For those interested in the sailing vessels of the 1800s this weblink provides information and photographs of schooner replicas during the War of 1812, i.e. HMS Bee.]

Research: Life and Correspondence of Sir Isaac Brock by Ferdinand Tupper (1845),
A Veteran of 1812: The Life of James Fitzgibbon by Mary Agnes Fitzgibbon (1894).

Photo Credits: [1][2][3]-Wikipedia.


Charles Gramlich said...

It sure would be great if you could get this series a wider venue. Are there any magazines or newspapers that might be interested in this fantastic historical information?

Barbara Martin said...

Charles, a friend (history buff) just suggested the same thing. I am looking into it. My reference material on James FitzGibbon was a find 'out of the blue'. There is very little information on FitzGibbon in other historical books on Canada.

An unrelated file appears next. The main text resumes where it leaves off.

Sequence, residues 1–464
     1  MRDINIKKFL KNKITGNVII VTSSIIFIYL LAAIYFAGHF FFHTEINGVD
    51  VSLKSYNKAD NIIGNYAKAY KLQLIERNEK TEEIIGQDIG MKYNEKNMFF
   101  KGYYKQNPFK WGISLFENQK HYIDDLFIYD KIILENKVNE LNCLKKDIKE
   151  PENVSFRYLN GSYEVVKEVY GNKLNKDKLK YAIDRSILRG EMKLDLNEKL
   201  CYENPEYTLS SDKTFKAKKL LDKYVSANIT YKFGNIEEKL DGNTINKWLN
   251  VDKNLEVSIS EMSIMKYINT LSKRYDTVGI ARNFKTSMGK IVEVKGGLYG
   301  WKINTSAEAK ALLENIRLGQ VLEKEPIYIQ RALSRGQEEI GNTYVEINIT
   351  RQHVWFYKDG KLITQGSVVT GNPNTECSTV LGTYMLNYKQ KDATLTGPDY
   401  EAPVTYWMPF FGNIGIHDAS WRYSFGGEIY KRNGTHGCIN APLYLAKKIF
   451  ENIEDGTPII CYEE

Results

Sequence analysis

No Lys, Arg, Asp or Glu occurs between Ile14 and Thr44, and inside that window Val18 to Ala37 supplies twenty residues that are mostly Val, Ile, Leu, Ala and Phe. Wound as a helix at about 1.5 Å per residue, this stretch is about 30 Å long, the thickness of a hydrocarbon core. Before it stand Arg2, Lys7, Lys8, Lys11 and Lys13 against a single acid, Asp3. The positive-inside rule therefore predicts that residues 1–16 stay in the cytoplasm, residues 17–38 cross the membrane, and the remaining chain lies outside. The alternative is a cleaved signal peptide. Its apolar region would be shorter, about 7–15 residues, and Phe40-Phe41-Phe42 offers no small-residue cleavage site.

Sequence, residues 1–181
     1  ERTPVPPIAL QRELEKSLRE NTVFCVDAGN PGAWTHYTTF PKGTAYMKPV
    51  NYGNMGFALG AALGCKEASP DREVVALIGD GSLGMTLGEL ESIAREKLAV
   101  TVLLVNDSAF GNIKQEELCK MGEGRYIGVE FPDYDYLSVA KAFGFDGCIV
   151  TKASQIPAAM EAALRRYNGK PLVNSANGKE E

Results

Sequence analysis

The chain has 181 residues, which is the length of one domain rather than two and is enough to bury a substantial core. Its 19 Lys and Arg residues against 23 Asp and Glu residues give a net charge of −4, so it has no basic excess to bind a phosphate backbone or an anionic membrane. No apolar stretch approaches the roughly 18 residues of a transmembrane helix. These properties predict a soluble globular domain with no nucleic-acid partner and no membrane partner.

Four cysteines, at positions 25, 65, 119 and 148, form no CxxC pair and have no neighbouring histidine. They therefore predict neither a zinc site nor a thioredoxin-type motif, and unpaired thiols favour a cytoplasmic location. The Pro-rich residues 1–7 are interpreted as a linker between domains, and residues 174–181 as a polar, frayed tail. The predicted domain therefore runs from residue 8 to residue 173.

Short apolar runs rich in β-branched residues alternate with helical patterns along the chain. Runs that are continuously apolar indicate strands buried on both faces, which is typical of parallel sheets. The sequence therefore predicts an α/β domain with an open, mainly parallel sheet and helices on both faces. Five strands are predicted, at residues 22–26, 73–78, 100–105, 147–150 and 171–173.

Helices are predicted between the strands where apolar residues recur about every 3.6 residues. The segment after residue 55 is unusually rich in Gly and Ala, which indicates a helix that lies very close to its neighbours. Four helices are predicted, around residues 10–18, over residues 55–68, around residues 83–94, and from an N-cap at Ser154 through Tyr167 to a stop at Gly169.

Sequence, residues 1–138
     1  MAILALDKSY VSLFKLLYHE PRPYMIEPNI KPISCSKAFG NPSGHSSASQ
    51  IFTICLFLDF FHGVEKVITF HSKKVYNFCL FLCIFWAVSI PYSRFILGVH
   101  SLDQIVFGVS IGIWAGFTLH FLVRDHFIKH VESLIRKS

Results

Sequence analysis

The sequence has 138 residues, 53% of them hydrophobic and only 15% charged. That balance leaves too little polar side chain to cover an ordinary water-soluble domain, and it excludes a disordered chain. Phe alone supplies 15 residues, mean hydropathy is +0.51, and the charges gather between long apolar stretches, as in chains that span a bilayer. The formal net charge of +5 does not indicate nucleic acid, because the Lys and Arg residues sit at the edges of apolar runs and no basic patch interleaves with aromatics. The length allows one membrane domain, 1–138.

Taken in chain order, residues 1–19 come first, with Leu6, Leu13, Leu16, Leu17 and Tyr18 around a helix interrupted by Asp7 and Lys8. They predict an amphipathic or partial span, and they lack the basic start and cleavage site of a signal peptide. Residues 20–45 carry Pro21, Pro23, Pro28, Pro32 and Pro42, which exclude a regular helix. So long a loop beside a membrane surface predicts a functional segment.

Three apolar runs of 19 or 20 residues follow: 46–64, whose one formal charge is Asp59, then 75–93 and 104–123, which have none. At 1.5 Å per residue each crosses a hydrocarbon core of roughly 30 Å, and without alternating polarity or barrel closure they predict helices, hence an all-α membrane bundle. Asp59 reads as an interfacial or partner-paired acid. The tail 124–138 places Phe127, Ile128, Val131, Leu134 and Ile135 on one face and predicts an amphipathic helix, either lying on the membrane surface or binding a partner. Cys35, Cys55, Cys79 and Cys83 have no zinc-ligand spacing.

Travis Erwin said...

I'll check out the site when I get a chance.

Gary's third pottery blog said...

a bit stunned by all this....interesting how you relate the war was over but for residents the trouble continued, due to marauders and such...

Barbara Martin said...

Travis, it's all quite interesting.

Gary, I made amendments to the end of the post. The biography doesn't mention much after this last incident except for what appears to be clean-up operations. Once I am done with James FitzGibbon's biography, I will be filling in the areas I did not cover. There are numerous gaps.

Originally, I had not considered an in-depth look at the War of 1812, and as I researched for the posts on Isaac Brock the historical aspect caught my fancy and here we are.

David Cranmer said...

I'm with Charles. This is great work and needs a wider distribution. Some really fine work here.

BernardL said...

I believe the Canadian history texts would do well to include your series on the War of 1812.

Barbara Martin said...

David and Bernard, thanks for your kind comments.